If you spend any time reading the blogs authored by college-aged libertarian students, you are bound to read articles addressing their love for promiscuity, drug usage, and obscene alternative lifestyles for the sake of being alternative. The common argument these libertarians make is that their choices fall under the category of being “subjective values”; therefore, it is wrong to make any moral judgments condemning their actions.
It seems as if these libertarians, who claim to be adherents to the Austrian School, have never, in fact, read any works of the Austrian economists. Because of this, these libertarians are entirely ignorant of the ideology they claim to espouse. This ignorance manifests itself in to statements such as, “Subjective values mean you cannot judge people for their choices” and “It is anti-liberty to judge people for their choices.” Individuals who claim to be scholars of libertarian thought should at least be well-read on the elementary basics of their own beliefs.
There is a fundamental difference between subjective values and moral relativism. Libertarians have decided to conflate subjective values, in the economic sense, with moral relativism. This confusion stems from a lack of knowledge of the definition of subjective values. In economics, subjective value refers to a theory of value in which an object attains its value through the wants and desires of individuals. When economists claim that, “Everyone has different subjective values”, it is a reference how individuals have different wants, needs, and tastes in respect to goods and services. Moral relativism, on the other hand, is a philosophy which decrees that there is no truth: right and wrong do not exist. Therefore, to a moral relativist, you cannot judge people for their actions, as it is all subjective.
To individuals who have never studied Austrian economic theory, the terms may seem confusing at first. However, for people who liken themselves to be leaders of the liberty movement, with a depth of knowledge about Austrian economics, there is absolutely no excuse to confuse subjective values in economics to moral relativism. There is no reason, therefore, for libertarians to make insane proclamations such as, “You cannot be a libertarian and judge people for their choices” and “Judging an action as right or wrong goes against libertarianism.”
These college-aged libertarians truly believe that telling someone that doing heroin is a bad decision infringes on libertarianism. As well, daring to criticize the polyamorous lifestyle as being morally repugnant prods a response of, “Who are you to judge?” which would make Ayn Rand weep. Time and time again, the college-aged libertarians become outraged when an individual has the audacity to proclaim that there is an objective right and an objective wrong. According to these moral relativists, there is no right or wrong unless you criticize something that they believe is right, thus leading to your beliefs being labeled as “wrong”.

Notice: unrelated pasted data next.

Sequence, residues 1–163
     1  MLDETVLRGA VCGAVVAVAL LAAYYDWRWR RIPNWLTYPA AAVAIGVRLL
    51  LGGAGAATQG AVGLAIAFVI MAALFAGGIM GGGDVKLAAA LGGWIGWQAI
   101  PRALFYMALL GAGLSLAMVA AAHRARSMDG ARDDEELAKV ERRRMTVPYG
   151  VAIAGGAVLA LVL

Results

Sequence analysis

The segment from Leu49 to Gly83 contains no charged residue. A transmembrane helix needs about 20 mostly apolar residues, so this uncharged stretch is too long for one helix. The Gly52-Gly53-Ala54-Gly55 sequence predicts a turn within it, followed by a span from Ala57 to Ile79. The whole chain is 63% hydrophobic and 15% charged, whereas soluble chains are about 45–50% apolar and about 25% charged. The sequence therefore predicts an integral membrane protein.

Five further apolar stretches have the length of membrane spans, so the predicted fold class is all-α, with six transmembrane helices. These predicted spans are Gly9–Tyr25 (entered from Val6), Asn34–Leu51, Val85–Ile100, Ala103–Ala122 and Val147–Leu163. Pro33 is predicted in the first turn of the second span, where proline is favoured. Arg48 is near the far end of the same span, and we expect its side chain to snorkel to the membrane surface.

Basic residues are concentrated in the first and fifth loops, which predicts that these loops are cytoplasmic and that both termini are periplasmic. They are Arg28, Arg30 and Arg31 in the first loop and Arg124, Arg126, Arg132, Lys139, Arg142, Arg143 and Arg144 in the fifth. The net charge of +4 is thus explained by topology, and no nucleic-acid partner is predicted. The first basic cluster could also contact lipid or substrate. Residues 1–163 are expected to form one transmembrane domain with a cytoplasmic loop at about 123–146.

As well as conflating subjective values with moral relativism, the college-aged libertarians confuse being a libertarian with being a libertine. In their world, one must be have an unconditional acceptance of the drug-addled polyamorous lifestyle, with zero moral apprehension. Anything other than the unilateral advocacy of any and all alternative lifestyles is seen as an affront to freedom. To argue that a certain lifestyle is wrong is apparently akin to wanting the government to ban the lifestyle. To have any moral reservations, to believe in right and wrong objectively, and to proudly defend what is good against what is evil, is seen as enough to render an individual “not a libertarian”.
As a demonstration of the ridiculousness of the, “You cannot be a libertarian if you believe in judging people for their ‘different subjective values'” logic, it is important to note that Rothbard, the foremost anarcho-capitalist and Austrian School adherent, produced scathing remarks against the libertine lifestyle that these college-aged libertarians wholeheartedly promote. Under the new mantra of non-judgment being a prerequisite to libertarianism, Rothbard could not be considered a libertarian. Apparently, his beliefs were entirely “anti-liberty” as they involved a level of critical thinking beyond the childishness of, “We all value different things. Every choice is equal. No judgment.” How horrifically ironic.